As the league’s leader, missing something was tantamount to betrayal. He’d looked for a ferales’ lair or malice flock, or another potentially disastrous tear in the Veil like the one that had nearly spelled their end just a few months ago. Even a disturbance in the other-realm ethers could mean yet more peril for his possessed fighters.
And then he’d found it.
Trailing her unbound demon like a silk scarf, the pixie with the triple-X-rated curves had instantly caught his eye, as both a demon slayer and a male. Her black hair, spiked with propane-flame blue, matched the titanium loop piercing the nostril of her flat-bridged nose. Both affectations faded beside the golden honey and cinnamon of her eyes.
That exotic regard had passed over him without interest, focused as she was on handing out socks and sandwiches to the homeless who’d gathered in the park that day. But even that glancing heat had turned his watery bones to steam.
It shamed him now—without changing his belief that he’d do exactly the same again—that he’d run back to the familiar cold comforts of the league.
But one of his best fighters, Ferris Archer, had looked him over and said, “You found her.”
For the first time in a long time, Liam rejected necessity and played blissfully ignorant. “Found who?”
“You can’t just blow off the mated-talyan bond. I should know.” Archer lifted one eyebrow in a self-deprecating gesture. Winning that recent battle to save the city had proved easier than winning Sera, the first female talya in living history, though in the end, she’d only asked Archer to give up his death wish, his bloody arrogance, and his heart.
“We don’t know anything about joined talyan,” Liam objected. “Thanks to Bookie absconding with the only extant reference.” He peered at Archer. “Unless Sera has found something you haven’t told the rest of us bachelors.”
Archer schooled his expression, but a glint of sinful pleasure—and a touch of that arrogance—brightened his eyes. “She’s been working her way through the archives, trying to find any references to female talyan, the mated bond, soulless armies, and all the other crazy shit we’ve been facing lately. But there’s a lot to go through, especially with no trained Bookkeeper.”
“Then if you don’t know anything—”
“I know that even with demon-amped strength, you can’t run from this.”
“Since when do you believe in destiny?”
“Who said anything about destiny? I mean you can’t run from this fight.”
Bowing to the inevitable, Liam had sent the league’s best tracker to find the new female possessed. Haji had learned that Jilly Chan spent more time on the street than at her desk for her job with Reach Out, a halfway house for homeless teens, but she’d been absent from her usual haunts, no doubt subliminally unsettled by the other-realm forces focused on her. The tracker had chased the intermittent energies of the unbound demon with no luck. They’d missed picking her up before she got to her apartment one night, and then a surge in demonic activity had distracted them.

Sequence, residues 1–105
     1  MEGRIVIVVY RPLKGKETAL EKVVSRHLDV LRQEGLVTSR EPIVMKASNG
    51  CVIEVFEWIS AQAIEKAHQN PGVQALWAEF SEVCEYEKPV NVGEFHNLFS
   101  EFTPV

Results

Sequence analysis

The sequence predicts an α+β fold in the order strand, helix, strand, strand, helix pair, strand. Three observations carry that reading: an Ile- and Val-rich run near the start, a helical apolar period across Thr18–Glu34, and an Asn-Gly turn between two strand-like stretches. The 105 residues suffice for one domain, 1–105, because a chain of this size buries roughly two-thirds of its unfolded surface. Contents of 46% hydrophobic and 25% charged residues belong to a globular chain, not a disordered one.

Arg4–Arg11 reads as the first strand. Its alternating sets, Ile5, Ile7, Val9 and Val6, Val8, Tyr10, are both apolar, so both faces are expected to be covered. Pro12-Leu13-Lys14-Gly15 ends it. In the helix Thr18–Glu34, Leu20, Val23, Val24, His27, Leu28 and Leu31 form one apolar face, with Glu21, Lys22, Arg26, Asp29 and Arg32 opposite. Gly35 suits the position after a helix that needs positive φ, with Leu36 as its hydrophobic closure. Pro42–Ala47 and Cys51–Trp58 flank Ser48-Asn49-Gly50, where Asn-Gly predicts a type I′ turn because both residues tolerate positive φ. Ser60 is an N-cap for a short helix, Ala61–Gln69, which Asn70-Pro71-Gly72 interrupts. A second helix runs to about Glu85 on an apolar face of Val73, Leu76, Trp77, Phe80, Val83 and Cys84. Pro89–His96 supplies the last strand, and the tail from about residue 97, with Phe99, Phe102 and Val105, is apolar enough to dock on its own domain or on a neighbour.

Finally, following the relentless echo in his chest, like an indefinable hunger determined to assuage itself, Liam had found the source of his unease facing down not one but three ferales, with their demonic emanations clothed in menacing corporeal husks.
The recent pack behavior of the previously solitary ferales was worrisome enough; to think that they’d had Jilly cornered, her demon’s powers latent and inaccessible until the final ascension, made his blood curdle.
Now, staring at the pint-sized woman with the hot-toddy eyes, he wondered which lucky bastard would help escort her through the terrifying new life that awaited . For the merest heartbeat, he wished . . . But no, overseeing the league itself and the eternal mission of the repentant teshuva to atone, that was his calling.
He glanced down at her shit-kicker boots. He didn’t necessarily envy the man chosen to guide her next steps.
She narrowed those heated eyes at him. “Demon?”
He stifled a sigh. If the league kept adding new fighters at the current rate, he’d have to come up with a welcome kit, a handbook, and probably name tags. Since when had fighting evil included management issues?
“This sounds insane, of course,” he started.
“Yeah, why stop the reality thrill ride now?”
“These . . .” He toed the butchered feralis. “These are lesser demons, drawn to the demon that has possessed you.”
She straightened, though the extra inches barely lifted the blue spikes of her hair up to his chin. “Is my head coming off next?”
Ignoring the ichor staining the hammer, he slipped the weapon back into the sheath in his coat. The move didn’t seem to particularly reassure her. He couldn’t blame her. “The teshuva demon in you is repentant, seeking to atone for its sins. Like the one in me.”
She stared at him. “You’re possessed. By a demon.”
“You’re finding it hard to believe, I know. But soon your demon will make its virgin ascension. Its influence will spread completely through you. Then you’ll understand what I’m saying. For now, I just need you to believe that you could’ve been killed tonight by these monsters. And more of these will be drawn to you until you’ve fully integrated the teshuva. So you’ll take the guard I give you.”